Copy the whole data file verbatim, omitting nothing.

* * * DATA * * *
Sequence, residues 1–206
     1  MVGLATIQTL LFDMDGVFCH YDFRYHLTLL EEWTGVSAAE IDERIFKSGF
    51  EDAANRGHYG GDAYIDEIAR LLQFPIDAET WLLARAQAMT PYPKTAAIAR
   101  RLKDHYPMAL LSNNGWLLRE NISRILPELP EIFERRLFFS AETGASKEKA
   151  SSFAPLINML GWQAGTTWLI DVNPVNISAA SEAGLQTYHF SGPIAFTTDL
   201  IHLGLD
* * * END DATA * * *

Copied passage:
Sequence, residues 1–206
     1  MVGLATIQTL LFDMDGVFCH YDFRYHLTLL EEWTGVSAAE IDERIFKSGF
    51  EDAANRGHYG GDAYIDEIAR LLQFPIDAET WLLARAQAMT PYPKTAAIAR
   101  RLKDHYPMAL LSNNGWLLRE NISRILPELP EIFERRLFFS AETGASKEKA
   151  SSFAPLINML GWQAGTTWLI DVNPVNISAA SEAGLQTYHF SGPIAFTTDL
   201  IHLGLD